After months of blocking relief for millions of Americans, McConnell's fear of losing control of the Senate brings him to the negotiating table.
Senate Majority Leader Mitch McConnell has held up the passage of virus relief since May, refusing to negotiate with Democrats as millions of people fell into poverty and laid off workers suffered.
But as it became clear that his blockade of needed relief could cost Republicans the two Senate seats in Georgia, he finally decided to go to the negotiating table, the New York Times reported.
According to the report, McConnell said in a call with Republicans that Sens. Kelly Loeffler and David Perdue — the Georgia Republicans locked in competitive runoff elections that will determine control of the Senate — are "getting hammered" for not giving aid to Americans. McConnell now thinks that passing a virus relief bill could help Republicans win their races and keep control of the Senate.
The Democratic-controlled House has passed multiple coronavirus relief bills that have laid dormant in the McConnell-controlled Senate, with McConnell insisting the bills were too expensive and unnecessary.
The Democratic-passed bills authorized new rounds of direct payments to Americans who earn under a certain income threshold. They also restarted the additional $600 per week unemployment payments that McConnell let expire in July.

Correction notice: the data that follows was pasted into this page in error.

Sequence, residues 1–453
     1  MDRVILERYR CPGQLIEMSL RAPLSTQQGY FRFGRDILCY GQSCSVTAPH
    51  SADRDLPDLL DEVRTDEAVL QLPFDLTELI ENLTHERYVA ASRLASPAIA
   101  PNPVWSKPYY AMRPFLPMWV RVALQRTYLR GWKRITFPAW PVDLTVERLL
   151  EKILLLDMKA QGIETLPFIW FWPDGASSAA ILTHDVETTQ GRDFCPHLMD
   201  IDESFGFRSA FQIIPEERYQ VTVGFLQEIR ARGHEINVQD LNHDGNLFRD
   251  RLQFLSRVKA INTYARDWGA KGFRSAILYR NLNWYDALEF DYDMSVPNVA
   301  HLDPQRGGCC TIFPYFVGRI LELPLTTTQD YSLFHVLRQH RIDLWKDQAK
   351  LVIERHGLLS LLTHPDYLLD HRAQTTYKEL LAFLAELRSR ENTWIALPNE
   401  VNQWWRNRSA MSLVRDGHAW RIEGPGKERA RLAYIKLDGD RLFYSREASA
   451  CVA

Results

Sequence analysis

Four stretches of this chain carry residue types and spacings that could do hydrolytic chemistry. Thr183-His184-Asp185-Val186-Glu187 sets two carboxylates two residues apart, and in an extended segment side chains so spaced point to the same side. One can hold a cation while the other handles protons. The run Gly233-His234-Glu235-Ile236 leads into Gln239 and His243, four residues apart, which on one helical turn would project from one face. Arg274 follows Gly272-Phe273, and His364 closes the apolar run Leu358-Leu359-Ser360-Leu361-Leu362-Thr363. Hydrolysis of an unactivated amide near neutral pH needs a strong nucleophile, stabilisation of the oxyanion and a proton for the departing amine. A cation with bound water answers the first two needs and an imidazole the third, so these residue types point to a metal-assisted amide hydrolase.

The Democratic-run House passed the first virus relief extension bill on May 15 — 216 days ago.
On Oct. 1, Democrats passed another bill that authorized more direct payments and added back the $600 weekly Unemployment Insurance boost. That bill that passed without a single Republican vote. But McConnell also let that bill sit for 77 days without action.
It's only now, with his Senate majority at risk, that he has decided to act — coming to the negotiating table with a much less generous offer of aid to struggling Americans. According to reports, McConnell drove down the dollar figure of direct payments from the $1,200 Democrats wanted to $600, and the weekly unemployment boost from $600 to $300.
Meanwhile, as McConnell refused to help, 8 million people fell into poverty — a massive surge of suffering that economists say could have been avoided had Congress merely kept the $600 weekly Unemployment Insurance boost.
"Due to the expiration of the CARES Act’s stimulus checks and $600 per week supplement to unemployment benefits, the monthly poverty rate in September was higher than rates during April or May, and also higher than pre-crisis levels," a study from the Columbia University Center on Poverty & Social Policy released in October found.
Democrats have been slamming McConnell for his refusal to help.
"Eight months ago, Americans got $1200 checks. Since then, Democrats have been fighting to get more. More unemployment help. More for money to pay for food and rent. But Mitch McConnell just kept saying no, no, no. Americans need help, and we must get it to them now," Rep. Adam Schiff (D-CA) tweeted on Wednesday.
Published with permission of The American Independent Foundation.